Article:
The Future of Russian Arms Exports

The Russian arms industry is extremely important to Russia as it underpins both Russia’s hard power capabilities and makes up a significant part of the Federation’s economy. According to one European Union report, the Russian defense industry employs at least 2.5 million people. According to SIPRI, Russian defense spending has amounted to 4.21% of the GDP on average during the ten years between 2012 and 2021. The Russian defense industry is also globally important due to its massive overseas exports which underpin the militaries of many countries like India and Vietnam.

Indian T-90s on parade (Indian Ministry of Defence)

These exports are also critical to Russia; successful foreign sales help achieve economies of scale, offset major research and development (R&D) costs, sustain a larger arms industry and make arms production partially pay for itself. They are also a key foreign policy tool which can be used as leverage in negotiations and helps underpin Russia’s status. In cases where advanced Russian weapons have failed to find overseas buyers like with the T-14 tank or SU-57 fighter, the Russian Federation has struggled to acquire the platforms in meaningful numbers. This can be seen in clear contrast to popular export items like the S-400 SAM.

SIPRI graph showing the share of leading arms exporters in global arms exports (2017-2021)

Russia has for many years, by a wide margin, remained the second-largest arms exporting nation after the United States with its exports reaching a value of about $13 to $15 billion dollars annually as of 2016. When accounting for the relative cheapness of Russian equipment compared to Western alternatives, this figure translates into a much greater amount of hardware. However, the numbers don’t forecast a promising future for the Russian arms industry. Between 2012 and 2016, Russian arms exports grew by 4.7% compared to a global average of 8.4%. Moreover, when adjusting for inflation, the value of Russian arms exports has actually diminished from 2013 to 2017.  Using SIPRI trend indicator values also reveals a decline in the real value of Russian arms exports which continues from 2018 through 2021. Russia’s share of the global arms market has fallen from about 25% in 2017 to less than 20% today.

The Evolving Global Export Market

Russia’s main customers have traditionally been India and China – the two states accounted for over 40% of all Russian weapons sales between 2016 and 2020. However, China, which had once been highly reliant on Russian technology, is increasingly building and designing its own weapons systems. These now often surpass their Russian counterparts in capability; the latest Russian aircraft designs were incapable of achieving the 5th generation benchmark unlike the Chinese J-20. Indian industry has not been able to achieve similar technological feats but has been greatly expanding its domestic arms industry under an expansive “indigenization” program. As relations and strategic interest alignment between India and the West have improved, the country is also increasingly turning towards countries like France and America to help equip its armed forces.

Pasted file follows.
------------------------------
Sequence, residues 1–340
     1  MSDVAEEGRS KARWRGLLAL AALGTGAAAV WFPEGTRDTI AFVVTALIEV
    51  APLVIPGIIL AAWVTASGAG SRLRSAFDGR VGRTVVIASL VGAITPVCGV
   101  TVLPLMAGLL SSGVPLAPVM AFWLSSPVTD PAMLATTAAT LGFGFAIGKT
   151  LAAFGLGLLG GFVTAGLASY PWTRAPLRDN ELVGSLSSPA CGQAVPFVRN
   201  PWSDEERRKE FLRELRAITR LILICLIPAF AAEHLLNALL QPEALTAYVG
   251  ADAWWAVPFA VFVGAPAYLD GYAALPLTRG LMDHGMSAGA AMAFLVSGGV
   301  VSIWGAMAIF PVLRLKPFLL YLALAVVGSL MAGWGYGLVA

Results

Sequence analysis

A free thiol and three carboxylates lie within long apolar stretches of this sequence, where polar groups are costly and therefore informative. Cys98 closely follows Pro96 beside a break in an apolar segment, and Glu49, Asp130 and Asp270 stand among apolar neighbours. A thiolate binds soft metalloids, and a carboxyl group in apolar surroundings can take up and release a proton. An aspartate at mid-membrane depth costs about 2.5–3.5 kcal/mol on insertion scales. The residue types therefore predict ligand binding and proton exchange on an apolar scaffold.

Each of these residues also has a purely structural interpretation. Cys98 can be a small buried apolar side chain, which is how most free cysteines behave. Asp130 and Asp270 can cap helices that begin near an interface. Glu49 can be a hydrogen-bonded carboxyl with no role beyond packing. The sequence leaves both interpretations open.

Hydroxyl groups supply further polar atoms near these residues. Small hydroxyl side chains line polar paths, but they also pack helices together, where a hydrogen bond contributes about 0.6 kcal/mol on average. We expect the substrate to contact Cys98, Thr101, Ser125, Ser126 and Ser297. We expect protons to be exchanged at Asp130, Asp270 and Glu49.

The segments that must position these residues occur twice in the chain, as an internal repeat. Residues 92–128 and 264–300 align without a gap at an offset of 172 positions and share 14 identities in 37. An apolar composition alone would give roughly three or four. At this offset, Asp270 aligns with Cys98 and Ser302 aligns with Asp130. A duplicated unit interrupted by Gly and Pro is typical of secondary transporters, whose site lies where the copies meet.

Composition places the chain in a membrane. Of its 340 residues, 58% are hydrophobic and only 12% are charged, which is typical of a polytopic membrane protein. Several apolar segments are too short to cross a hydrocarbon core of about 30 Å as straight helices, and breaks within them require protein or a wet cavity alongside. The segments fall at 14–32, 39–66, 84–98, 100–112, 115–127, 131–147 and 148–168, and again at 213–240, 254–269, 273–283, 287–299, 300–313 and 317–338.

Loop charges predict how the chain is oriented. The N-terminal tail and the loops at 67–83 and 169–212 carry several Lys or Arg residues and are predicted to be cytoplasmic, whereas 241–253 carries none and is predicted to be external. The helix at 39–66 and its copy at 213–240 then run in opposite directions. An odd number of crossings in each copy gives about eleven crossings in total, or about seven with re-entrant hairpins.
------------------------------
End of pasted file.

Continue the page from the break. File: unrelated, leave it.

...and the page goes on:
Chinese J-20 fighter (N509FZ/ CC-BY-SA-4.0)

As India and China expand their arms industries, they are not only becoming a smaller market for Russian arms but also a competitor in the global market. Compared to Western military hardware, Russian equipment tends to be qualitatively worse but cheaper and easier to maintain. Western nations also tend to be more selective regarding who they are willing to sell to. These limitations of Western suppliers makes Russia particularly attractive to poorer states like Nigeria or Western-sanctioned ones like Iran. Nations which are not closely aligned with the West also benefit from being able to source part of their equipment from Russia as to not be fully dependent on the West. However, Chinese military exports largely share the characteristics of Russian arms and are increasingly popular. This means that Russia will increasingly face competition in its own arms export niche.

The Impact of the War in Ukraine